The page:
The Flow of Contemporary Art ThoughtUC Berkeley Extension - UC BerkeleyDesign is purpose-driven artistic creativity that links artistic and technological innovation. It is an integral component of how a society represents itself. It is particularly interesting to explore how designers relate to the left-brain knowledge worker of the Internet age. Moderated by author Piero Scaruffi—with individual presentations and a panel discussion by distinguished Bay Area practitioners in art and design—this event ranges across the contemporary art and design field to underscore the importance of creativity for business, technology and the way that people live.
How the Green Revolution Caused Pesticide ChaosThe Long Now Foundation - The Long Now FoundationPerfect Order: A Thousand Years in BaliWith lucid exposition and gorgeous graphics, anthropologist Stephen Lansing exposed the hidden structure and profound health of the traditional Balinese rice growing practices. The intensely productive terraced rice paddies of Bali are a thousand years old. So are the democratic subaks (irrigation cooperatives) that manage them, and so is the water temple system that links the subaks in a nested hierarchy.When the Green Revolution came to Bali in 1971, suddenly everything went wrong. Along with the higher-yield rice came "technology packets" of fertilizers and pesticides and the requirement, stated in patriotic terms, to "plant as often as possible." The result: year after year millions of tons of rice harvest were lost, mostly to voracious pests. The level of pesticide use kept being increased, to ever decreasing effect.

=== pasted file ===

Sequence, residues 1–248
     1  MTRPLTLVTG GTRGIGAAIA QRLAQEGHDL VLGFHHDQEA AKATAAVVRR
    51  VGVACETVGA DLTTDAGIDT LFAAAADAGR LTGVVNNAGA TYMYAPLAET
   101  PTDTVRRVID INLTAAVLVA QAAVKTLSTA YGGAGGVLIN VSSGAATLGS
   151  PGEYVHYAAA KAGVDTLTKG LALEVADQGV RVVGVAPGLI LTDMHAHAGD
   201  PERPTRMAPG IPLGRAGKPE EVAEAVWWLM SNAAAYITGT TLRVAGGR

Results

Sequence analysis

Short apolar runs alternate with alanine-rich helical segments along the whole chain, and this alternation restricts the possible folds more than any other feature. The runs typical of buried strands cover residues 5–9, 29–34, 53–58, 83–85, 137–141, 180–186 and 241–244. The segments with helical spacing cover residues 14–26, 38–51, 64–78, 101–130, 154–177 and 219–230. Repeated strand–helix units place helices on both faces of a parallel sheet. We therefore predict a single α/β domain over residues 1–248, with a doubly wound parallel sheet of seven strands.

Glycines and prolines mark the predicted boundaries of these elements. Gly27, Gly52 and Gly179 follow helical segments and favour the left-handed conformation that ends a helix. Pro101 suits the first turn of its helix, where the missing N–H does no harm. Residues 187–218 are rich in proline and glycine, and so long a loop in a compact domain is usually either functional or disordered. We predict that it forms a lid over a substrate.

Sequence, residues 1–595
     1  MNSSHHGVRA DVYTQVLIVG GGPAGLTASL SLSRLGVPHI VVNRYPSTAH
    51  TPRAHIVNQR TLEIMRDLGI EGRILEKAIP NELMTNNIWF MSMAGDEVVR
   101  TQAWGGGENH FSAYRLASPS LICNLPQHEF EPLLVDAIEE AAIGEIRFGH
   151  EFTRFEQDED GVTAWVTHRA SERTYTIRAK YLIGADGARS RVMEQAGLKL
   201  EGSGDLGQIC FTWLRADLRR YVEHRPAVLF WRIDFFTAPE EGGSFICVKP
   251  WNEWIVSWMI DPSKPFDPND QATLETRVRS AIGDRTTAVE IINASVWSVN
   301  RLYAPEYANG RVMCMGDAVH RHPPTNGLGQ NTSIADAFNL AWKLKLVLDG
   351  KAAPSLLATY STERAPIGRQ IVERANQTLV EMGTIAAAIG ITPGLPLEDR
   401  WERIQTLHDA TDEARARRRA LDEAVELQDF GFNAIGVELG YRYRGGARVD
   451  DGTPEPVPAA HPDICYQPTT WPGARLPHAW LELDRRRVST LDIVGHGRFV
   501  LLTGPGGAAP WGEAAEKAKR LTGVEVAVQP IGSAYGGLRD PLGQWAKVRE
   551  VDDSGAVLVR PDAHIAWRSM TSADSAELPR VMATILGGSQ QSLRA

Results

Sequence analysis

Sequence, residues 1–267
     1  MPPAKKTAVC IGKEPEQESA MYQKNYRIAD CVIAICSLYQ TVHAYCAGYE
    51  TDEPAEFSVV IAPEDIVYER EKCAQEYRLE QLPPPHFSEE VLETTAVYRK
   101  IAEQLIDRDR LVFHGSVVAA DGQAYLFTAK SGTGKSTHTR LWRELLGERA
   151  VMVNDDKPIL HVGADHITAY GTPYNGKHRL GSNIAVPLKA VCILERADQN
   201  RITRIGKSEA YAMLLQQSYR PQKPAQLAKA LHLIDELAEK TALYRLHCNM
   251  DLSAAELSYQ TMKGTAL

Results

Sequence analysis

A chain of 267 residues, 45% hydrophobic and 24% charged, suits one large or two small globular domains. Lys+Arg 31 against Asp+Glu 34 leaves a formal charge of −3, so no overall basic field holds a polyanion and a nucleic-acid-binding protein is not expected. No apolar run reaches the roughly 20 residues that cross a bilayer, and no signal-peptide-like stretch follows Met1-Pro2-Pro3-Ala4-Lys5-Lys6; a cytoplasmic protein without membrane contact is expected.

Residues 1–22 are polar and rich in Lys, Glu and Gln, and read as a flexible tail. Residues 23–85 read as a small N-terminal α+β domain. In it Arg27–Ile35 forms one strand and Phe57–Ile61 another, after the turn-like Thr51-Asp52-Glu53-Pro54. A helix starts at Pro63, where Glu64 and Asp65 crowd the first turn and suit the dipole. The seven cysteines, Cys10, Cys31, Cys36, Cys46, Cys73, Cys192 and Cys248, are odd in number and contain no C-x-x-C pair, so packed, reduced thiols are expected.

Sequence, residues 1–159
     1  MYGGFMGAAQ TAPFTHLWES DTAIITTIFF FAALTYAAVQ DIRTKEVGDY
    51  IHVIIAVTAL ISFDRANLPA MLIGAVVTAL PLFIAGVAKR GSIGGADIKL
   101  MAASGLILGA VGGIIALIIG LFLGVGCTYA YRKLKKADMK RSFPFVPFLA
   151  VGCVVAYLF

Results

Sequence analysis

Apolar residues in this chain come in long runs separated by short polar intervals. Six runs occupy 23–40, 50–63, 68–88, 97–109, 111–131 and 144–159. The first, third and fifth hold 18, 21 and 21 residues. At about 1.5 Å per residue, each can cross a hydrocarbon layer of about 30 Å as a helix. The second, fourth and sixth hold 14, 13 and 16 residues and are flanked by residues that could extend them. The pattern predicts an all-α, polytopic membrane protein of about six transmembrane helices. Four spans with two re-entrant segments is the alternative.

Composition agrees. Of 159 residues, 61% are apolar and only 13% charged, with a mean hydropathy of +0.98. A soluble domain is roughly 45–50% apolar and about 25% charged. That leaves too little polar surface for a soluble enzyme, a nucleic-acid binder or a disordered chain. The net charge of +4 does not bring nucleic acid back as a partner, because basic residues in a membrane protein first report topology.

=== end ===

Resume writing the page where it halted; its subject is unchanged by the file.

Extinct Gods: How Science Forces Religion to EvolveThe Long Now Foundation - The Long Now FoundationMapping the Frontier of Knowledge with Juan Enriquez speaking at a seminar hosted by The Long Now Foundation.Enriquez has a world-class collection of historic maps made at the very point of discovery. He will deploy them for the first time in one of his dazzling presentations, to examine how we image and imagine what we are exploring, and thus image and imagine exploration itself. Enriquez is author of As the Future Catches You and The Untied States of America, and CEO and Chair of Biotechonomy, a life sciences research and investment firm - The Long Now Foundation
Why 'A Thousand Points of Light' Volunteerism FailedThe Long Now Foundation - Long Now FoundationRosabeth Moss Kanter presents Enduring Principles for Changing Times as part of The Long Now Foundation's Seminars About Long-term Thinking.
A Fossil Fuel Hellscape: How Coal is Destroying ChinaThe Long Now Foundation - The Long Now FoundationChina Thinks Long-term, But Can It Relearn to Act Long-term?China is the most unresolved nation of consequence in the world," Orville Schell began. It is defined by its massive contradictions. And by its massiveness - China's population is estimated to be 1.25 to 1.3 billion; the margin of error in the estimate is greater than the population of France. It has 160 cities with a population over one million (the US has 49). It has the world's largest standing army.No society in the world has more millennia in its history, and for most of that history China looked back. Then in the 20th century the old dynastic cycles were replaced by one social cancellation after another until 1949, when Mao set the country toward the vast futuristic vision of Communism. That "mad experiment" ended with Deng Xiaoping's effective counter-revolution in the 1980s, which unleashed a new totalistic belief, this time in the market.So what you have now is a society sick of grand visions, in search of another way to be, focused on the very near term.These days you cannot think usefully about China and its potential futures without holding in your mind two utterly contradictory views of what is happening there. On the one hand, a robust and awesomely growing China; on the other hand a brittle China, parts of it truly hellish - The Long Now Foundation